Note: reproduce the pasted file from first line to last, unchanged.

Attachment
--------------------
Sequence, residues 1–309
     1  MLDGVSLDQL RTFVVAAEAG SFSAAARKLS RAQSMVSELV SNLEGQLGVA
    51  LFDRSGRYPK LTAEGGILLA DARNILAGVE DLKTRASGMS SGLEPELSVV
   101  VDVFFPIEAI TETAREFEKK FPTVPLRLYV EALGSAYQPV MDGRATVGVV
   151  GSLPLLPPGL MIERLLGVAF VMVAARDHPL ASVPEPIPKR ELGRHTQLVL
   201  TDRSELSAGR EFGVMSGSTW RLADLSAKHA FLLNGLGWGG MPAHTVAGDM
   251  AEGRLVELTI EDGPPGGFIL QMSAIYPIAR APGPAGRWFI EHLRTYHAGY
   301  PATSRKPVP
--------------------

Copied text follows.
Sequence, residues 1–309
     1  MLDGVSLDQL RTFVVAAEAG SFSAAARKLS RAQSMVSELV SNLEGQLGVA
    51  LFDRSGRYPK LTAEGGILLA DARNILAGVE DLKTRASGMS SGLEPELSVV
   101  VDVFFPIEAI TETAREFEKK FPTVPLRLYV EALGSAYQPV MDGRATVGVV
   151  GSLPLLPPGL MIERLLGVAF VMVAARDHPL ASVPEPIPKR ELGRHTQLVL
   201  TDRSELSAGR EFGVMSGSTW RLADLSAKHA FLLNGLGWGG MPAHTVAGDM
   251  AEGRLVELTI EDGPPGGFIL QMSAIYPIAR APGPAGRWFI EHLRTYHAGY
   301  PATSRKPVP